I had met one of the directors Mustapha Adamu Indubawa at the Association of Nigerian Authors, Hausa Section, last Sunday, and he had invited me to come. So, I ended up sitting with him on the front row. The films were really fantastic: Dara directed by Sulaiman Surajo; Joker directed by Salisu Ahmad Koki; Rashin Sani directed by Grace Sokyes (from Jos); Sorrowful Joy (that’s the translation of the Hausa title I forgot to write down) directed by Mustapha Adamu Indubawa; and Ta Leko directed by Rufai Bawa (also from Jos), which was a beautiful star-crossed love story about a girl and a crippled man. It was structured as a folktale (with a Gata nan gata nan ku at the beginning and a kurunkus at the end). The others were also quite excellent, and I’d say my next favourite was Sorrowful Joy, about a girl who was forced to go hawking by her mother and subsequently became pregnant, followed closely by the hilarious Rashin Sani, about a man with two jealous ignorant wives, and one educated wife (mai kirki). Most of the actors were from the mainstream market, but the stories told in the short films were in the words of Ian Masters “no escapist fantasy stories but ones that went to the heart of society.” I would argue that the popular films often also go to the “heart of society” using fantasy as a medium, and that these five films, while marked by a certain realism that you don’t necessarily see as often in the feature length films, also utilized fantasy in the denouments.

After the films, I went to Balaraba Ramat Yakubu’s house. She’s one of the founding members of the Raina Kama writers group that Ado Ahmad was also a part of, and has been anthologized in the Anthology of Popular African Literature and was the subject of Novian Whitsitt’s PhD dissertation. She was quite nice. I wish I had read more than one of her novels: that is my homework for the next few weeks because I do mention Whitsitt’s reading of her novel in one of my papers.

I’ve been passing out electronic copies of some of these articles, which the authors had not yet seen. Before I leave, I’m also planning to give away my Anthology of Popular African Literature, which features a translation of part of one of Balaraba Ramat Yakubu’s novels and photos of Ado Ahmad’s In da So da Kauna and the translation The Soul of My Heart, which we used in the Hausa Verbal Arts in Translation class I TAed for last semester. Neither Ado Ahmad nor Balaraba Ramat Yakubu had seen the anthology, which is a bit of a shame. I also, with fear and trembling, gave Professor Abdalla Adamu, the director of the Centre Ahmad Alkanawy, Dr. Yusuf Adamu, and Ado Ahmad copies of the papers I have written on Hausa literature so far. I am terrified of what they will say, because I can see all the holes of what I don’t know, and BS I put in. But, it’s necessary. I can’t grow if I don’t get constructive criticism from the “real” experts, ie. people living here. If they tear it apart, so be it. Better now than later.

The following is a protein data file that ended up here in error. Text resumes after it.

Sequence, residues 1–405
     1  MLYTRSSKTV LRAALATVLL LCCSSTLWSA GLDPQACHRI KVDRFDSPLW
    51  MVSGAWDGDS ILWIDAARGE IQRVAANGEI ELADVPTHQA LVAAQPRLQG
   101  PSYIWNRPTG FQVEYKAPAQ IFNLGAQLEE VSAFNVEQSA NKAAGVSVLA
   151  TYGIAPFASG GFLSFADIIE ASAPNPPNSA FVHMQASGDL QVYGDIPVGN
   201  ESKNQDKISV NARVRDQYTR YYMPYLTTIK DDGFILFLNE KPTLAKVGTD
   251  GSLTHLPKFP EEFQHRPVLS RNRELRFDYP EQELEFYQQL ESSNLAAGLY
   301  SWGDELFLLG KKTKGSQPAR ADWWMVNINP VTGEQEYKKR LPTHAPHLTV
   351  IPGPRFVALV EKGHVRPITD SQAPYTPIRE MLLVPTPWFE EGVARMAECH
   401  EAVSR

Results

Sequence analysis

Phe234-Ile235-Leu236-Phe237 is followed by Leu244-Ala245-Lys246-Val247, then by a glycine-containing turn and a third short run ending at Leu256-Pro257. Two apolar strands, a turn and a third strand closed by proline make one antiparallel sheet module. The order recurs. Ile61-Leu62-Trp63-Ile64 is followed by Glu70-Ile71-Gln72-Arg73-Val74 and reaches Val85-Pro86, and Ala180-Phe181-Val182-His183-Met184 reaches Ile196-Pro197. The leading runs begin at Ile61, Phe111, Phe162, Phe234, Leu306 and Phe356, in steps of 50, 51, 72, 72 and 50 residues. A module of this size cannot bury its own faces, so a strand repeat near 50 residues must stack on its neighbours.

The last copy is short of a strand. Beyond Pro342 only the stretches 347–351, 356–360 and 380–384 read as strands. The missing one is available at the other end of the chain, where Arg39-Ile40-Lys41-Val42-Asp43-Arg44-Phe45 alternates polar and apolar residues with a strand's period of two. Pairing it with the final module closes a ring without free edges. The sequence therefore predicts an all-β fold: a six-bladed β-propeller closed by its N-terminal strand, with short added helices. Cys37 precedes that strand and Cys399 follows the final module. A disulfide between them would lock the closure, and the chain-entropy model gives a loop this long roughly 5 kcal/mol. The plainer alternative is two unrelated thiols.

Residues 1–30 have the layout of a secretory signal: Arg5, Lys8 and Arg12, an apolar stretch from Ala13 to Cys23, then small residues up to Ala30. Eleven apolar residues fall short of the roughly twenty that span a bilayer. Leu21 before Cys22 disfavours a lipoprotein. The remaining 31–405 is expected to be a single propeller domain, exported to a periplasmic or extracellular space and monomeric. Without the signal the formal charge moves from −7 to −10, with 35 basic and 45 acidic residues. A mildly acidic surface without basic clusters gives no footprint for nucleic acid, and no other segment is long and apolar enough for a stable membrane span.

And finally an excerpt from my journal last night:
“In the living room with Abdullahi, Abba, and one other teenage boy watching a delightful campily-dubbed Chinese kung fu movie. The 1970s American accents are fabulous.”

Monday, June 05, 2006

Kano, Monday, May 6, 2:20am, Living with filmmakers

I'm not quite sure why Jos, Plateau State is still showing up on my blog, since I've been trying to change it to Kano since last week. At any rate, I am now in Kano, currently typing on my hostesses laptop since mine has not yet been configured for the dial-up access we have from 11pm-6am.